After months of debate and delays, the NHS is finally set to nationally launch its new 111 non-emergency telephone advice line on April 1st (next Monday). The new service replaces NHS Direct, the 24/7 helpline that was reachable across England through the national non-geographic 0845 46 47 number since 1998.
Plans for the replacement 111 service were “leaked” in August 2010 as part of Prime Minister David Cameron’s plans to make cuts within the health service. Currently NHS Direct is believed to cost the NHS around £25 to answer each call, which is roughly the same amount it costs for a patient to visit their GP, according to the British Medical Association (BMA).
Whilst the number 111 will clearly be far easier to remember and dial for the patient, and supposedly cheaper for the NHS to handle each call, the new service has faced a storm of criticism ever since the plans were drawn up and pilot schemes tested.
It has been claimed that some of the advisers received just 6 weeks training, lines were overstretched with up to 2 hours waiting time, patients received wrong advice and simply called 999 instead afterwards, whilst advisers will no longer be purely nurses or doctors as the NHS Direct service used to offer.
NHS 111 already operates in 10 test areas around England and recently recorded it’s 1 millionth caller. Despite receiving nearly 3 years of testing, experts are calling for further delays due to the problems encountered with the service so far. Doctors have warned that the nationwide rollout planned for Monday will be “dangerous”, and have called for Health Secretary Jeremy Hunt to allow time for further testing.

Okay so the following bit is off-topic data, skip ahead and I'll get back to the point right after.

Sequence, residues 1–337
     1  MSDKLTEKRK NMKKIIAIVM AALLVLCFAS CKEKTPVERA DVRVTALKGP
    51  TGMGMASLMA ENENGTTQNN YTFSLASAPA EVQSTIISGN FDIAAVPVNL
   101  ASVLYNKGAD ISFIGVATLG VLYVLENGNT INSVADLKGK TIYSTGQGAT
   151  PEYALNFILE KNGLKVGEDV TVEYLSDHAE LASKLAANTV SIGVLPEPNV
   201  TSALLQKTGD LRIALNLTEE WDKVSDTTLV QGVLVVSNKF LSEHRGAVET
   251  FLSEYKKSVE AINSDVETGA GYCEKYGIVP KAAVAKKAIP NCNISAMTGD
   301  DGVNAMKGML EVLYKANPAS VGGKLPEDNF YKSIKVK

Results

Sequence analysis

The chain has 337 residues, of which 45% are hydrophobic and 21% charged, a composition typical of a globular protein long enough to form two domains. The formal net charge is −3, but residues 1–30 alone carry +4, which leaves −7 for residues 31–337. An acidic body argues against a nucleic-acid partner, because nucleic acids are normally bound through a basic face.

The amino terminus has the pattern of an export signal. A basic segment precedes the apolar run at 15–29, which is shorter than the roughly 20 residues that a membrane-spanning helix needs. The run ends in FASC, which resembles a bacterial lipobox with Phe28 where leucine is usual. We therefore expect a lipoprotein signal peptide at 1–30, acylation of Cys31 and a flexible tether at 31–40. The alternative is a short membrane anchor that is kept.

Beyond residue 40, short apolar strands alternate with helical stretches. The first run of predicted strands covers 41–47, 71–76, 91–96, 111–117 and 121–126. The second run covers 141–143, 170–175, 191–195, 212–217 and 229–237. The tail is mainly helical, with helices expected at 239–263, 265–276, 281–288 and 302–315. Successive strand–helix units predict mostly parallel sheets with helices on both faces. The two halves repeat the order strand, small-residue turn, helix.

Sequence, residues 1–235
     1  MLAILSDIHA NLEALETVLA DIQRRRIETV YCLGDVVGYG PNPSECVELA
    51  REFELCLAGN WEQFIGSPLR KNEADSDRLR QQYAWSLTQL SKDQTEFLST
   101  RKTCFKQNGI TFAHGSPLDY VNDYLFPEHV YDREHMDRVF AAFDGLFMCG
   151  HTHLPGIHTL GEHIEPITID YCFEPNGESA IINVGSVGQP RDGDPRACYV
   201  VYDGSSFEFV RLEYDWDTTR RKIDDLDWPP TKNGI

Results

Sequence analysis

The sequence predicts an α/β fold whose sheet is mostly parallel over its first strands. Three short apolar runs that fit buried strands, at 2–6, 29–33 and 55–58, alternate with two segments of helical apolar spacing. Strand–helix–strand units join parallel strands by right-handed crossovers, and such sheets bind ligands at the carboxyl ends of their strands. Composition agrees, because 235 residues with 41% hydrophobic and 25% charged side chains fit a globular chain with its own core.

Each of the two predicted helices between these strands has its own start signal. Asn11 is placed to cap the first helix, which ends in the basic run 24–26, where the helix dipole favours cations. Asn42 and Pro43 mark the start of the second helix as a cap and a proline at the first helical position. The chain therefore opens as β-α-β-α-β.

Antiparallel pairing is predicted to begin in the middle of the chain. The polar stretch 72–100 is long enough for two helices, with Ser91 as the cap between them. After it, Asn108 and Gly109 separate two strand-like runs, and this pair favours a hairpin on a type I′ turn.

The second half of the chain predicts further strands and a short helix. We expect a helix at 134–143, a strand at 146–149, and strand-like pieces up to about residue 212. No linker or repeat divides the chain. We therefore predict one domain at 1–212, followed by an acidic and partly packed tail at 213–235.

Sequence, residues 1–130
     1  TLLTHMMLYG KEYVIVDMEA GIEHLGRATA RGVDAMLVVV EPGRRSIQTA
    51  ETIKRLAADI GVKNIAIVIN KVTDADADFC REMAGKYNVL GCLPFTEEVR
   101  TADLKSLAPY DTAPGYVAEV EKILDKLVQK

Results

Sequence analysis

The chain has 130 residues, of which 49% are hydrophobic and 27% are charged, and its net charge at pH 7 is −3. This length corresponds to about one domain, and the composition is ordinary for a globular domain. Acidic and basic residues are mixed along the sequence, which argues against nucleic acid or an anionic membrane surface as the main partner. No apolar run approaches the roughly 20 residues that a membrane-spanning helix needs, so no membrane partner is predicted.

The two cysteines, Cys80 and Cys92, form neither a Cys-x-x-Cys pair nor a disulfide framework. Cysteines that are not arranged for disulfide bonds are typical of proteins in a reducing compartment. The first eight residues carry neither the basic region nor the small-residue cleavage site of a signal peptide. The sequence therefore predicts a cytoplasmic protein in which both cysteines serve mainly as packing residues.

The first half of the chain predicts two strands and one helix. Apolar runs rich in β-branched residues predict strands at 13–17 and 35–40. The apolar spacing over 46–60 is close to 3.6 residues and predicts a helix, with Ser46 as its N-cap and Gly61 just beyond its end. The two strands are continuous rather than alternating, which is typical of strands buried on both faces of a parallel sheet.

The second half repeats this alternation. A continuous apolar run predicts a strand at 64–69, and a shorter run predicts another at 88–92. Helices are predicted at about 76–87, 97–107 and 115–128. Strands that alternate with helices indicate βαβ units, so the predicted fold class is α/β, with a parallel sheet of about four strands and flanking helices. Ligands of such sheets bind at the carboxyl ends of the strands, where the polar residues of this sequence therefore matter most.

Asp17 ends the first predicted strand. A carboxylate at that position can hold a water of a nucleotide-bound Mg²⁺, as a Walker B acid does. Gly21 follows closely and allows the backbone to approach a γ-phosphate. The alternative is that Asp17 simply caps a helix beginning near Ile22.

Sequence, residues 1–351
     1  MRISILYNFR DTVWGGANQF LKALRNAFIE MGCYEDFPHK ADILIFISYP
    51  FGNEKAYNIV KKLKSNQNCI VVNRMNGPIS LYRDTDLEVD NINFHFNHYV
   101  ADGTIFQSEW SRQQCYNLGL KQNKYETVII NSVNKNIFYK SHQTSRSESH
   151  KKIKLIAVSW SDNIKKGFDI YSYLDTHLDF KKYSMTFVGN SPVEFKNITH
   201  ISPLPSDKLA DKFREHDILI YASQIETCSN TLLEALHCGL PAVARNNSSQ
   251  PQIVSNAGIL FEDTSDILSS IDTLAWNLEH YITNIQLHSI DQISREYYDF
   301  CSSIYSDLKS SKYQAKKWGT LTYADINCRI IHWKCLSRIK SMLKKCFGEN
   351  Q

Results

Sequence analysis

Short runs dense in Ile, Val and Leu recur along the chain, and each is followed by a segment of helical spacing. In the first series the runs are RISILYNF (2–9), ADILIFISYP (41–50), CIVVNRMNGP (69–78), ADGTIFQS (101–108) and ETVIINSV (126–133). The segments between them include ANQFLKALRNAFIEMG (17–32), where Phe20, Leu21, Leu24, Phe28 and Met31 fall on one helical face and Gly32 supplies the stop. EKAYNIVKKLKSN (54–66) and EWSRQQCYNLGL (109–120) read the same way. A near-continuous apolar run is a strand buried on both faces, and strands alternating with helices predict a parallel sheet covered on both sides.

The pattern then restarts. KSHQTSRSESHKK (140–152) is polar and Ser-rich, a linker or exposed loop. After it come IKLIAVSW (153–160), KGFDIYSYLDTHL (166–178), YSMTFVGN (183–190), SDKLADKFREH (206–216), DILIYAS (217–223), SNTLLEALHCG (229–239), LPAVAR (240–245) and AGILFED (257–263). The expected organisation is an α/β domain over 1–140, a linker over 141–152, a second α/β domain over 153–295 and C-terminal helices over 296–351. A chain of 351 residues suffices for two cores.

The BMA wrote to NHS Chief Executive Sir David Nicholson, highlighting the current problems the service is facing. Dr Laurence Buckman, Chairman of the BMA GP Committee, commented that – “There have been widespread reports of patients being unable to get through to an operator or waiting hours before getting a call back with the health information they have requested”.
In some of the current test areas such as Manchester, the service has completely crashed at times, with the sheer volume of calls. Strain was being placed on the ambulance service – something 111 was set up to actually reduce.
Dr Buckman continued “we cannot sacrifice patient safety in order to meet a political deadline for the launch of a service that doesn’t work properly”.
The Department of Health has so far only allowed a 6-month extended period for testing in areas that are currently experiencing problems. The current NHS Direct 0845 46 47 service will continue to operate in areas where NHS 111 is not yet operational.